Youth strive to be ‘a step above’

Published 8:59 am Saturday, April 21, 2012

Members of the "A Step Above" step dance team rehearse in Troy, Ala., Wednesday, April 18, 2012. (Messenger Staff Photo/Thomas Graning)

Sometimes when life gives you troubles, you have to “step above” them.

Twelve-year-old Ashlan McCloud was looking for a way to get teenagers off the streets, out of trouble and into a nurturing environment when a substitute teacher introduced her to “stepping.”

Step dancing is a form of percussive dance where performers use their entire body to produce rhythms and sounds through a mixture of steps, words and hand claps. Modern step dances are seen largely during fraternity and sorority functions and competitions, but they still pull from the dance form’s African and Caribbean roots.

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“I told her that if she did some research on how stepping really began that I would try my best to help her,” McCloud’s mother, Andrena McClain said.

And McClain held true to her promise.

“A Step Above” is a newly-formed non-profit organization in Troy dedicated to empowering youth from all walks of life. Adults involved in the program, such as McClain, strive to motivate, encourage and teach leadership and respect.

President of the non-profit, Dr. Phylecya Cheatham, is also a dance instructor for the growing group of boys and girls.

“Dance has the power to change the world,” Cheatham said of the reason she agreed to back “A Step Above.” “You wouldn’t believe the initiative these kids have shown since we started. It’s pretty impressive.”

Cheatham isn’t the only adult dancer aiding the kids in their quest to self improvement and community involvement.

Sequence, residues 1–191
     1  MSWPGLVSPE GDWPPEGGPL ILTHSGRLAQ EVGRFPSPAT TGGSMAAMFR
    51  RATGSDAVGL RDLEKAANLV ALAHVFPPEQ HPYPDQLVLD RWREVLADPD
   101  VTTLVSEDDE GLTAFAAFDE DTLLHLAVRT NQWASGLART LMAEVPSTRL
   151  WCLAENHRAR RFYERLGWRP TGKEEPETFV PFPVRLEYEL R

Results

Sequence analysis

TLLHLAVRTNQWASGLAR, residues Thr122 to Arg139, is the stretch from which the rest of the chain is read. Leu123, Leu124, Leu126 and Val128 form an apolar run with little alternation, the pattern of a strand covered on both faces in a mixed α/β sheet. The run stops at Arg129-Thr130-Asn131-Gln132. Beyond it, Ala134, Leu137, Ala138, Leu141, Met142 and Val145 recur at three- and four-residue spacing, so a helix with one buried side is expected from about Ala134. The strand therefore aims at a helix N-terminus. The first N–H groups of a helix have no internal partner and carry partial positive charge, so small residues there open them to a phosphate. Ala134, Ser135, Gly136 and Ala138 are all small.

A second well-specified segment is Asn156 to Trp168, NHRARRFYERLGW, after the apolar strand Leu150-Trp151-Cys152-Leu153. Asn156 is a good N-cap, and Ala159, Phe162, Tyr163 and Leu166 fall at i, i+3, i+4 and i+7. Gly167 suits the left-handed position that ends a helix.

Larry “Pop” Thomas Jr., with a successful step dance performance group in Enterprise, jumped at the chance to offer a little instruction and inspiration to younger dancers.

“I love kids, I love dance and I love seeing how people come together,” Thomas said. “Dance has changed my life. It has done everything for me and now I can pass that passion on to a new generation.”

There are about 15 area students who are participating in the organization that is free to join.

“I like that we get out there and have fun instead of getting into trouble in the streets,” said Deiallo Stringer, 14, who attends Charles Henderson Middle School. “That is where I would be if I wasn’t here – in the streets.”

And Stringer isn’t alone in his want to better himself.

Fifteen-year-old Jonah Flowers said the group was a way he could combine his passion for dance while evolving into a “good man.”

“I am learning how to work with others around me,” Flowers said. “The teachers demand respect and we give that to them.”

Aaliya Collins, 12, from Charles Henderson Middle School, said she joined the group to spend more time with her friends, but ended up making new ones, too.

The group is steadily building its numbers and community outreach. They hope to soon be entering dance competitions and spreading their “positive vibe” to everyone who watches the students perform.

The community’s first chance to catch the kids in action will be April 28 when they host two events. During the day, “A Step Above” will have a Spring Fling fund-raiser complete with a rock climbing wall and yummy treats and games for kids. The cost for the daytime event is $7. The Spring Fling is from 9 a.m. to 4 p.m.

At night, for a $10 donation, community members can check out “A Step Above,” “2 Dangerous Dance Crew,” and other groups during a showcase at Charles Henderson Middle School’s gym from 6:30 to 10:30 p.m.

In order to pay for the activity vendors at the Spring Fling, “A Step Above” members will be washing cars today at O’Reilly’s Auto Parts on U.S. 231 in Troy from 7 a.m. to 12 p.m. They are asking for a $5 donation.

For information on the new non-profit, to donate or to join, e-mail

To watch a video of “A Step Above,” visit